"Big Top" showcases more of Clay McLeod Chapman's inspired tales of the macabre this time set in the circus and dangling the possibility of real-live blood.
By HEATHER GRAYSON
It's daunting, truly daunting, to be writing a review of one of Clay McLeod Chapman's Pumpkin Pie Shows (see also last year's "Rise Perverts Rise"). Not because his subject matter is often on the freaky side, or because I'm a little in love with his gentle off stage persona, or even because I'm intimidated by his book deals (note the plural) with Hyperion. This task is daunting because so much has already been said about the young playwright, storyteller and novelist, and said extremely well, that all the cool descriptive words have been taken. "Clay McLeod Chapman cuts himself another slice of southern fried gothic" (Village Voice) doesn't get much better than that. I can't even use "rakish raconteur" (also the Village Voice), though I find Clay far from rakish. So I'll just tell you what I saw in the latest of Clay's productions, and hope you'll choose to enjoy the Pumpkin Pie experience for yourself.
Michael Hearst and Joshua Camp make up the group One Ring Zero, which creates the delightful and original musical underscoring by playing the familiar keyboard and drums, but sometimes by playing this funky accordionlike thing. You don't pump it like the accordion, you blow into this tube that sticks out of the top while fingering the keys. I'm told it's a theremin and that you don't see them around much anymore. The melodies enhance the circus atmosphere without interfering with the storytelling, though One Ring Zero also gets to do a few musical numbers devoid of actors talking on top of them.|
The first monologue is delivered by Clay himself, portraying the poor guy who sits on the dunking seat at your local carnival. In spite of his being such an asshole (please see the show so you know how clever of me that was), he is a sympathetic, maybe even pathetic, character who is desperate to get people to spend their money, as well as desperate to prove his self-worth.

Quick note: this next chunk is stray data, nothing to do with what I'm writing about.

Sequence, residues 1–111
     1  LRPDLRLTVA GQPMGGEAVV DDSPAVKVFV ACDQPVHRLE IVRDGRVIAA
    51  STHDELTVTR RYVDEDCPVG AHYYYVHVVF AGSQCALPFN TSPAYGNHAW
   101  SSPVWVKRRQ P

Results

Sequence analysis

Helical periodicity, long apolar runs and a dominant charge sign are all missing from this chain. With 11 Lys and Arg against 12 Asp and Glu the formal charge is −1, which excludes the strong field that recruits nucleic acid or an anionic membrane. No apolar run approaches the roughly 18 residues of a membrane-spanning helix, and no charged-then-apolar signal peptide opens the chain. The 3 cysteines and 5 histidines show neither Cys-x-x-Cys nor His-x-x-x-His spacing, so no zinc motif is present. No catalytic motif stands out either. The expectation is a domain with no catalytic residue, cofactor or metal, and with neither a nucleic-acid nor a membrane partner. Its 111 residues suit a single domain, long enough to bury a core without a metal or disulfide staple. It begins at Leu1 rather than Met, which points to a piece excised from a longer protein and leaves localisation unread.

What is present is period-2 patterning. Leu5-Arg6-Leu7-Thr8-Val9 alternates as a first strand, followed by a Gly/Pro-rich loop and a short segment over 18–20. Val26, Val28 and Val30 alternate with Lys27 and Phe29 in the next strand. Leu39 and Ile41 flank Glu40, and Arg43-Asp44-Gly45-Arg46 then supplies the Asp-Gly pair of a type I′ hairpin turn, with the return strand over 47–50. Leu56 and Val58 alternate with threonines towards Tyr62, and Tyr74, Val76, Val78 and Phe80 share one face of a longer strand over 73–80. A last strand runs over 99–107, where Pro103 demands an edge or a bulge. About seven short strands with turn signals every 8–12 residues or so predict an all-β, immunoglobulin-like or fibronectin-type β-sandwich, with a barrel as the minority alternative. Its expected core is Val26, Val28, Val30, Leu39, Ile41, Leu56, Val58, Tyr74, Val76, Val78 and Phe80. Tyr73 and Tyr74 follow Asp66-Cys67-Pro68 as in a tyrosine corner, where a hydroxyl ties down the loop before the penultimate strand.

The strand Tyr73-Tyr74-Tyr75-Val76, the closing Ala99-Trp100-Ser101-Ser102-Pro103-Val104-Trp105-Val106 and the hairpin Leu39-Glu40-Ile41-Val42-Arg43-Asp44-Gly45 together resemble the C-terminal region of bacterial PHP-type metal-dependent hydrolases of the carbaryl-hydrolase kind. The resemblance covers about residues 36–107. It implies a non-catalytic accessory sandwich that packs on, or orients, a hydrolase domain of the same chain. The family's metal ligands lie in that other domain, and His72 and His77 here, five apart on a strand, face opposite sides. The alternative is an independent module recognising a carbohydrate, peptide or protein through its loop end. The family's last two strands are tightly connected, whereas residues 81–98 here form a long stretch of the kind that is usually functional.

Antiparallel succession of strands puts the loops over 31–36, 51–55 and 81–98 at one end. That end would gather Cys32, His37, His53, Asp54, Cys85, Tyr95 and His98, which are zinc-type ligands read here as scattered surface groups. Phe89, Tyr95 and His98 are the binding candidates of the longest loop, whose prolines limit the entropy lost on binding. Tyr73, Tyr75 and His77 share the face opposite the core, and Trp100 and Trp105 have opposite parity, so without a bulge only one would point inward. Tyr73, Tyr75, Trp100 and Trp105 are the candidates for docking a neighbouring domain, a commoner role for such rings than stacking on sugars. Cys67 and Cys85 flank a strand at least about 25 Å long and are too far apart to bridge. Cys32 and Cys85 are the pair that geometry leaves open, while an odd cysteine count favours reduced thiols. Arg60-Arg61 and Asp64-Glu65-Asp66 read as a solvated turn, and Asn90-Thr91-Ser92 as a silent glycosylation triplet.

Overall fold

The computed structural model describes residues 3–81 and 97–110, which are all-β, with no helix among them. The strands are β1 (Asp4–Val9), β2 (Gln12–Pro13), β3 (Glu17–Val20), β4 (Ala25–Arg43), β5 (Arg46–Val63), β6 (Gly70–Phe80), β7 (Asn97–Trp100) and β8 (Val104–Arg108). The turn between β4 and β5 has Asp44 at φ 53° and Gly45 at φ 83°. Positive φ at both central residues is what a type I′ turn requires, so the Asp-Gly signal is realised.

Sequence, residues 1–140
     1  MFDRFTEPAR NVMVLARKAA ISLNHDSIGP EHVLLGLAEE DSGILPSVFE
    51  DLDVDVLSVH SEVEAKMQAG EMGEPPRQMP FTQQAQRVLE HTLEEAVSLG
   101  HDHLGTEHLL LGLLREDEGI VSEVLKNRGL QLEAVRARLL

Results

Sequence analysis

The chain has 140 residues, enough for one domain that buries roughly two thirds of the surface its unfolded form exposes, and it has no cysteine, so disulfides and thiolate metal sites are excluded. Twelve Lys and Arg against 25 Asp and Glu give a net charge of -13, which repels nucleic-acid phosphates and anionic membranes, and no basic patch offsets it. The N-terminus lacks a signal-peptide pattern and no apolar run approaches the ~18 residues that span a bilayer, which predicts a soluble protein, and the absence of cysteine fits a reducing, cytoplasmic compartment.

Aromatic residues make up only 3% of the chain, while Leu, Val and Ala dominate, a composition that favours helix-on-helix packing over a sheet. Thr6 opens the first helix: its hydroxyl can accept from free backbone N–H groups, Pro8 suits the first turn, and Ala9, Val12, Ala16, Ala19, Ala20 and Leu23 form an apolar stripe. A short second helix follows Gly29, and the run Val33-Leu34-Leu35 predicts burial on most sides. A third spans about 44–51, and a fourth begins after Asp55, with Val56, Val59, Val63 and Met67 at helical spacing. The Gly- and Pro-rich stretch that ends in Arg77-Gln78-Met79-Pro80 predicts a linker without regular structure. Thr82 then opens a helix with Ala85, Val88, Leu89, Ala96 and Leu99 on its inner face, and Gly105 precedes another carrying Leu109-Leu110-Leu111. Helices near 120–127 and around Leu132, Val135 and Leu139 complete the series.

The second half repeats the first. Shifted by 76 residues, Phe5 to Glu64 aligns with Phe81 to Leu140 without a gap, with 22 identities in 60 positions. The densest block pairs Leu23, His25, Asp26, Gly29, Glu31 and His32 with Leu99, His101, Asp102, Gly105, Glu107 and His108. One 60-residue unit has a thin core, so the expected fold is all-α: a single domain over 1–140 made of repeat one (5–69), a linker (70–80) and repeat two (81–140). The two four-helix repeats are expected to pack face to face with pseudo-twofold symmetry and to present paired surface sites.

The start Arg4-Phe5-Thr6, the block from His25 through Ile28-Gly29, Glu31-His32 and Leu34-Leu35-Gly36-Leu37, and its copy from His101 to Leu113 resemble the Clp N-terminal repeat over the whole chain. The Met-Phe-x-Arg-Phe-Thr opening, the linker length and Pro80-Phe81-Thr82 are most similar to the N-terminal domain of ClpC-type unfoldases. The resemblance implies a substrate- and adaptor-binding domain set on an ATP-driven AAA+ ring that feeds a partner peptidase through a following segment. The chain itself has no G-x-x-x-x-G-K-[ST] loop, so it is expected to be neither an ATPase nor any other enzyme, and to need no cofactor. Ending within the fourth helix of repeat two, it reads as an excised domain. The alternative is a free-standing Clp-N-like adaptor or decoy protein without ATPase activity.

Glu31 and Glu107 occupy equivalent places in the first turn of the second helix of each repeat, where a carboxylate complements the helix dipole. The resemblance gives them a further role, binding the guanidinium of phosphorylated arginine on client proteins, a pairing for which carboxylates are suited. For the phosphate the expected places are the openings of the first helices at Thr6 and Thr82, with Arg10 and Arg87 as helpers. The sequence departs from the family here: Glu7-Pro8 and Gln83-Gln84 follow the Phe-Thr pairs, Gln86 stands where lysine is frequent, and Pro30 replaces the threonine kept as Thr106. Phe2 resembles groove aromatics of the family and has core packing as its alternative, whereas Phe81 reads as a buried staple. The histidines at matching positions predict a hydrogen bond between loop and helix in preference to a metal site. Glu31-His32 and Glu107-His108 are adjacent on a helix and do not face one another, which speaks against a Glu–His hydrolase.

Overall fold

The newest topping on the Pumpkin Pie is the Great Throwdini and his wife Niabi. I used to pride myself on being able to watch anything without flinching, but the poor woman who sat next to me has scratches on her leg made by my fingernails. What if the knife slips? What if he gets dizzy? What if she accidentally moves in the wrong direction? As it was, one of the evil-looking knives that was intended to lodge itself in the wood directly behind Niabi and directly above her, umm, female parts, didn't quite lodge, and as it bounced out of the backboard it also took a nick out of her thigh. The audience gasped, but Niabi took it in stride. As an actor, her skill doesn't come close to that of the other three monologists, but nobody can beat her for bravery.|
If Hanna Cheek wasn't enticing enough in her first number as the woman who twists and turns high above the audience secured only by her jaw, she returns later in the evening as the mellifluously voiced chanteuse who is half man, half woman. If you're looking for a menage a trois, she says, "You and me makes three." Count me in!
Finally we listen to a conversation between a lion tamer (Max Moore) and his tamee. It's a familiar love story, really (you need me you'll be sorry if you try to get rid of me!), only spectacular because the tamer speaks it from inside the animal's belly. Such is Chapman's excellent craftsmanship at getting us to suspend our disbelief in just about anything.
Overall, "Big Top" is much less grotesque than Chapman's earlier work, but not short on fun or danger. His character voices, though you can still hear Clay in all of them, are starting to catch up to his juicy stories. "The devil never made the fire feel so good," says the boy who ran away from home to join the circus. Go feel good.
|JUNE 5, 2002|
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Review from The Great Throwdini, Jun 6, 2002
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